Ultra low-power wireless communication through the human body using magnetic fields
Be it on the inside or the outside, the human body is becoming host to an ever-increasing array of electronic devices that need to wirelessly communicate with each other. Now engineers working at the University of California, San Diego (UCSD) have come up with a different type of wireless communication that sends ultra low-power magnetic fields through the human body. This makes it extraordinarily more energy efficient and secure from prying eyes than comparable wireless communication technologies.
Connecting and communicating with devices in and around the human body, such as smartwatches, implanted smart monitors, or even ingestible wireless sensors, generally requires that each of these transmit to a receiver using Bluetooth. Since the electromagnetic radiation used by Bluetooth to transmit data does not easily pass through the human body, these devices must use a lot of power and therefore also carry relatively bulky batteries to power their transmitters.
Though still in development, the engineers say their new system is superior to existing radio communications technologies in this field, claiming path losses an incredible 10 million times lower than those associated with comparable Bluetooth device communication.
"In the future, people are going to be wearing more electronics, such as smartwatches, fitness trackers and health monitors," says Patrick Mercier, a professor in the Department of Electrical and Computer Engineering at UCSD and lead author of the study. "All of these devices will need to communicate information with each other. Currently, these devices transmit information using Bluetooth radios, which use a lot of power to communicate. We're trying to find new ways to communicate information around the human body that use much less power."
To construct their prototype, the engineers used coils of copper wires insulated with PVC tubing. At one end of this arrangement, the wires terminate at a receiver and analyzer, while at the other end the wires are formed into coils that wind around three parts of the body: the head, the arms, and the legs. In this way, the coils act as inductors for the application of energy and the production of magnetic fields and allow the body itself to act as a sort of waveguide for those fields. Using this system, the researchers were able to transmit and measure ultra-low path loss signals from from arm to arm, from arm to head, and from arm to leg.
"This technique, to our knowledge, achieves the lowest path losses out of any wireless human body communication system that's been demonstrated so far," said professor Mercier. "This technique will allow us to build much lower power wearable devices."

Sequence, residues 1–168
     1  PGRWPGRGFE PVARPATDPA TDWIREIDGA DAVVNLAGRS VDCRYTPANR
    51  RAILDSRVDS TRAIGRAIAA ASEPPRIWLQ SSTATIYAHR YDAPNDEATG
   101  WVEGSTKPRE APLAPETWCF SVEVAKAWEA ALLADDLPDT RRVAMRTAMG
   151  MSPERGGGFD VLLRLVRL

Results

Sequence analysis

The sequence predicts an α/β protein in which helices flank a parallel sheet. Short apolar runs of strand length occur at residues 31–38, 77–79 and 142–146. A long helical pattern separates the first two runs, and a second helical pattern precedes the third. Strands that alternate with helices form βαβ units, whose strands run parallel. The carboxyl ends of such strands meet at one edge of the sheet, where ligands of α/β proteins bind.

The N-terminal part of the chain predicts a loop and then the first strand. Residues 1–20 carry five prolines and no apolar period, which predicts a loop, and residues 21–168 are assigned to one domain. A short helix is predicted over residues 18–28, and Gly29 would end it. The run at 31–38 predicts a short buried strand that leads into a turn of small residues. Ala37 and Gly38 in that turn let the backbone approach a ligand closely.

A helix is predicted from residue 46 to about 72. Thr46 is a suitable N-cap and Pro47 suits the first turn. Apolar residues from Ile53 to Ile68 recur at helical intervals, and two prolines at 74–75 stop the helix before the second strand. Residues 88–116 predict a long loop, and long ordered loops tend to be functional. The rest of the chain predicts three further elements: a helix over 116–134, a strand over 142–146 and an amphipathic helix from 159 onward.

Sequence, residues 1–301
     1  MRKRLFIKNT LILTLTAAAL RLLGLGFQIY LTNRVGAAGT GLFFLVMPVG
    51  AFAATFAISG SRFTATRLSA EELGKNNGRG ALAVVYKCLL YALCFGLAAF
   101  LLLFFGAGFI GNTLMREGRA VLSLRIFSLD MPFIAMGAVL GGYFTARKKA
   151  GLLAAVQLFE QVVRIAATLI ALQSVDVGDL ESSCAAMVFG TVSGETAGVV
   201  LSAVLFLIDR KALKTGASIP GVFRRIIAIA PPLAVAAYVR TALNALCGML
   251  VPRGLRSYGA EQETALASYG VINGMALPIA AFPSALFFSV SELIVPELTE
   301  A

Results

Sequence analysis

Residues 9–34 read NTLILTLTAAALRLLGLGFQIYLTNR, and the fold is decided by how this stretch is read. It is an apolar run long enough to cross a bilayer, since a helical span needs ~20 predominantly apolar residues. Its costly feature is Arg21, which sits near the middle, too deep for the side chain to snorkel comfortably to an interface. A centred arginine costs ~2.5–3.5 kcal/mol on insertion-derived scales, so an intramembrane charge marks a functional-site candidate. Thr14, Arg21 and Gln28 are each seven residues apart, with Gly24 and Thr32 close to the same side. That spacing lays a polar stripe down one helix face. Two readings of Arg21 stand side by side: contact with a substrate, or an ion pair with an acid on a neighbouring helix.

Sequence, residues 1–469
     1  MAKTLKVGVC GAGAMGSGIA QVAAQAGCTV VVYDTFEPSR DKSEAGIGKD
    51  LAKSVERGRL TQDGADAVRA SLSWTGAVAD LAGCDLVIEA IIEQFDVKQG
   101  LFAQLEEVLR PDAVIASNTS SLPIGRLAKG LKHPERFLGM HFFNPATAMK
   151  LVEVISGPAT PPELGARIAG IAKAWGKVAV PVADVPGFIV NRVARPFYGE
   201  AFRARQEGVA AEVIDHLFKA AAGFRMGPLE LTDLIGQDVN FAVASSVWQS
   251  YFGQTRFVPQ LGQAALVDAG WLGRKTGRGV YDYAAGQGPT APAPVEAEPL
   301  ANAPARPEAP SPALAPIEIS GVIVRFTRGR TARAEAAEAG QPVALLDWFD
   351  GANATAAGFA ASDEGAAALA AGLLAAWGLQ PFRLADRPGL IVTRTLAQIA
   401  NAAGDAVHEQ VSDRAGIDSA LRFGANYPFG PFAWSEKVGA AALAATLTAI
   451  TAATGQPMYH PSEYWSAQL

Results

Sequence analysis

Creating devices with lower power requirements will, in turn, reduce battery requirements, leading to smaller and more efficient devices. In this way, not only could wearables and monitors be made smaller with longer battery life, but it would also reduce the size of ingestible transmitters to something much easier to swallow.
"A problem with wearable devices like smart watches is that they have short operating times because they are limited to using small batteries,” said Jiwoong Park, a Ph.D student in Mercier's lab. “With this magnetic field human body communication system, we hope to significantly reduce power consumption as well as how frequently users need to recharge their devices."
According to the researchers, beyond the benefits of ultra-low-power energy consumption, magnetic field human body communication may offer greater security than current wireless communication technologies. This is because Bluetooth radio communication links take place through open air and, potentially, someone could possibly intercept these signals and compromise a person's privacy.
With magnetic field human body communication, however, the communication is contained within the body itself and does not need to link to separate wireless devices. When monitoring the system, the researchers measured a dramatic decrease in signals radiated from the body and almost no possibility of transmitting information from one person’s magnetic communication system to another, even in close proximity.
"Increased privacy is desirable when you're using your wearable devices to transmit information about your health," said Jiwoong Park, a Ph.D student in Mercier’s Energy-Efficient Microsystems Lab.
The major downside of the technology is, although it is suitable for devices that wrap around a part of the body, such a smart watches, headbands and belts, it won't work with things like small patches stuck on the skin. This is because the magnetic fields need circular geometries to propagate through the human body.
The results of this research were recently presented at the 37th Annual International Conference of the IEEE Engineering in Medicine and Biology Society in Milan, Italy.
Source: UC San Diego